In the FGDs, participants were selected purposefully. The FGDs were held upon participant consent. The user interface sanitation options were listed, and criteria were set by expertise ( Supplemental Table S2) and prioritized by the FGDs. The number FGDs was fixed on the base of idea saturation, and 2 FGDs were conducted.
Data processing and analysis
Two approaches were followed in the analysis. First, survey data were entered into Epidata 3.1 software26 and exported to SPSS version 20,27 and frequency and percentage analyses were conducted to identify the socio-demographic status of the study participants, sanitation access, and sanitation options in the study area.
The second, a multi-criteria analysis that was adopted from similar studies,28,29 was used for selecting a UISO. To compile the technology selection, we used an excel-based analysis specifically for this study. It consists of sanitation technology-specific input data and an assessment sheet with technology characteristics adopted from a similar study.28 The selected technologies were screened further by the use of MCA (Figure 1).
The alternative UISO for excreta disposal was presented to the FGDs for ranking. Two FGDs were held. First, community members based on potential information sources on sanitation schemes in the setting, experience, age, and gender (7 individuals participated). The residents were chosen from 2 neighboring communities: Hermata Mentina and Hermata Merkato. Second, FGD was held with sanitation experts as well as those with experience in the study area and those who are currently employed in various sectors of the town. Health workers, social scientists, and urban planners were specifically chosen. Fourteen experts participated in the ranking of the technically feasible sanitation options. In the FGD, the pair-wise method was used for ranking sanitation technologies. Using this structured method, 7 sanitation technologies were compared, each at a time, to the 7 technology options. The community-based FGDs were held to establish perceptions and favorites from the communities about the technology options suitable for the study area.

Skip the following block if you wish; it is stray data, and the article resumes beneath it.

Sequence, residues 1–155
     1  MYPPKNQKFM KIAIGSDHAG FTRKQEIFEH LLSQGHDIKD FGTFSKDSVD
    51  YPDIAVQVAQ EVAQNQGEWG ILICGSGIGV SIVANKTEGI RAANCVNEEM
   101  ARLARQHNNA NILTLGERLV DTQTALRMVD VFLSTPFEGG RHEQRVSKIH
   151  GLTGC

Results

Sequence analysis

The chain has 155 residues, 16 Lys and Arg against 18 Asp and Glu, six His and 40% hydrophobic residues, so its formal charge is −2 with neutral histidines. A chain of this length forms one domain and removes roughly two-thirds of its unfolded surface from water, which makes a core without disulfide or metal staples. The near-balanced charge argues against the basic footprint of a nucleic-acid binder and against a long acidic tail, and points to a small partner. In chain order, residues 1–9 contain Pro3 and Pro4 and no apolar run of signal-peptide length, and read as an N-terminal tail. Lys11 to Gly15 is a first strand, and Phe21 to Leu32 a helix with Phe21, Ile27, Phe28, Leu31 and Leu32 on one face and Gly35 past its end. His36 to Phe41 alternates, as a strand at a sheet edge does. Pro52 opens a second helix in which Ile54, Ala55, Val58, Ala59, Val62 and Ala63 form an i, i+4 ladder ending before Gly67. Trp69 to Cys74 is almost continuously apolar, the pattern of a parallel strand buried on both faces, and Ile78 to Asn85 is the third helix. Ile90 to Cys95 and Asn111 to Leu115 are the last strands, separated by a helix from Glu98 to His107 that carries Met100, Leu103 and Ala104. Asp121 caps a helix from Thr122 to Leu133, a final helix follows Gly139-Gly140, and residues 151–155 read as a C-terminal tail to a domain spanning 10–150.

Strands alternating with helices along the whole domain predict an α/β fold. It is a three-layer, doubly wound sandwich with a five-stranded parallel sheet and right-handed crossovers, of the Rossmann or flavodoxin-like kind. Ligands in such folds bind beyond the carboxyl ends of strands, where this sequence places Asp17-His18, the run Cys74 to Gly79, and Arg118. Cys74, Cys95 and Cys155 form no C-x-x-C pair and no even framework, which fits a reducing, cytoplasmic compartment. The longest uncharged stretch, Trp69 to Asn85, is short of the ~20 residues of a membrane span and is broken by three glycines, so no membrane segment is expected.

The technologies were presented to the community (represented by FGDs) using IEC (Information, Education, and Communication) materials in a participatory discussion of the merits and demerits of these technologies concerning sustainability indicators before the ranking activity. Individual experts composed of technical and non-technical professionals ranked the technically feasible UISO ( Supplemental Table S4).
The final ranking was achieved using the average FGDs scores for the parameters defining sustainability indicators and the weighted scores of the sustainability indicators by the experts. The normalized score of a sustainability indicator was calculated by:
Where F is the normalized score of a sustainability indicator, n is the number of parameters defining the criteria for a sustainability indicator, a is the average FGD score of a parameter defining a sustainability indicator, and c is the sum of the average FGD scores for the criteria defining a sustainability indicator, and G is the expert’s weighted score for sustainability. The final ranking was based on the sum of the normalized scores (F). This method was adapted from a similar study.8